Having sent six boys on missions over the past 14 years, I’ve noticed several things that Scouting has done to help them prepare. First of all, just the fact that every summer they were away from home for a week of Scout camp, high adventure, etc. gave them the confidence that they could survive without their parents for a few days. Of course for most of them they were quite glad to get a break from parental nagging and have a week spent with their friends. But, still, they did get experiences away from home and survived them just fine without any panicky calls from homesick boys.
They also got practice speaking to adults confidently as they met with merit badge counselors, planned and discussed Eagle projects and held planning meetings with adult leaders. Some found this easier than others but they all at least got to a point where they could make their point clear and sound like they knew what they were talking about.
Finally, my boys learned to serve and even to mostly enjoy service in the Boy Scouts. A service project surrounded by your best friends makes a boring job much more fun and the memories of painting fire hydrants, raking leaves, shoveling snow and so on become fond memories of time spent with fellow Scouts.
A couple of my boys also attended and served on NYLT (National Youth Leadership Training) and Kodiak staff before their missions. They have both commented many times about how the principles they learned there are always coming in handy on their missions.
Returned Missionary Perspective
All the teaching skills I have started with NYLT. I learned to minister to individuals, to teach with a companion and to use the EDGE (Explain, Demonstrate, Guide, Enable) method to help others understand new principles. NYLT helped me grow individually because I had to step outside my comfort zone and work with new people on a regular basis.
One of my most powerful spiritual experiences occurred while at a Timberline course during the Religious devotional. We held it on a ridge overlooking the valley, and I had forgotten my jacket that evening. As the main devotional finished and testimonies began, it became colder. But the beautiful testimonies helped me feel the spirit in a profound way. I know that truth was spoken that night, and despite wind on that exposed ridge, I didn’t feel the cold.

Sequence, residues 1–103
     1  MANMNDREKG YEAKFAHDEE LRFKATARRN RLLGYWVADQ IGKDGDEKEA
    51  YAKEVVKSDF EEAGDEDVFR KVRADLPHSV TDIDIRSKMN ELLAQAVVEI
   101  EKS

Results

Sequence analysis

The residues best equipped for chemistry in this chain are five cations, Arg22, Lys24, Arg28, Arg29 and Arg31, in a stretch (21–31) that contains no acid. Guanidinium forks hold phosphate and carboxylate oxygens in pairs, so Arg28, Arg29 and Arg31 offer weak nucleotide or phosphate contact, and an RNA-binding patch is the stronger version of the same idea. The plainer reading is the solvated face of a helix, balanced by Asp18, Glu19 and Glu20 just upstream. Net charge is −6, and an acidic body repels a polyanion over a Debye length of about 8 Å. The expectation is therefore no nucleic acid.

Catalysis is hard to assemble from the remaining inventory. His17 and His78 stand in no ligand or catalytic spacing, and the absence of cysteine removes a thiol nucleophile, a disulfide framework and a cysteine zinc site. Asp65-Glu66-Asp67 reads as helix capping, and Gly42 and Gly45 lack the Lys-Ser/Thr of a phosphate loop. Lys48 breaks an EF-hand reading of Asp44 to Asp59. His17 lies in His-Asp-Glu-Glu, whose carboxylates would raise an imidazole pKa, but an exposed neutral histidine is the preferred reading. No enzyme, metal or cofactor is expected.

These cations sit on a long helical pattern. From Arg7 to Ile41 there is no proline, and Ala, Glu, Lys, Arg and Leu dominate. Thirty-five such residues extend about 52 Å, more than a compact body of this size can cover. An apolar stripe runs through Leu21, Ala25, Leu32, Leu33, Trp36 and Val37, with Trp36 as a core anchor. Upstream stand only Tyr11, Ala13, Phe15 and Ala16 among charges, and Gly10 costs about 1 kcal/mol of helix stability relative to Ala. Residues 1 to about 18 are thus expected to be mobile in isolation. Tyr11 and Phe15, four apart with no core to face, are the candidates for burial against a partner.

NYLT is an inspired program that helped me spiritually and personally to become a better Scout, missionary, and student. It’s part of what helped me settle on teaching as my intended career. I think that every boy can benefit from attending this amazing course.
From the youngest son, Adam, currently serving in the Taiwan, Taipei Mission. Taken from several of his letters home:
NYLT and Scouting in general helped me learn how to set goals, plan for those goals, and succeed! Or fail, and be okay with it. It was good to learn about how teams, troops, patrols, companionships, etc. develop and especially that “storming” happens in every team (and it’s okay as long as you overcome it as soon as possible).
Also hard work. Being willing to work hard and get done what you need to. And Scouting helped me learn how to work with others, whether it be delegation or getting responsibilities or simply communicating with people.
Sometimes, a principle from NYLT will pop into my mind like SSC or EDGE. It makes me grateful for those years of making the long drive down to Springville.
How did Scouting help prepare the missionaries you know?
Author: Sylvia Pack | District Training Chair, Snow Horse District, Trapper Trails Council. Volunteer Scout leader for 25 years. Proud owner of a box full of mother’s pins and the callouses from sewing on dozens of merit badge patches. She gains more appreciation for Scouting every year as she sees how much good it does for youth and adults alike.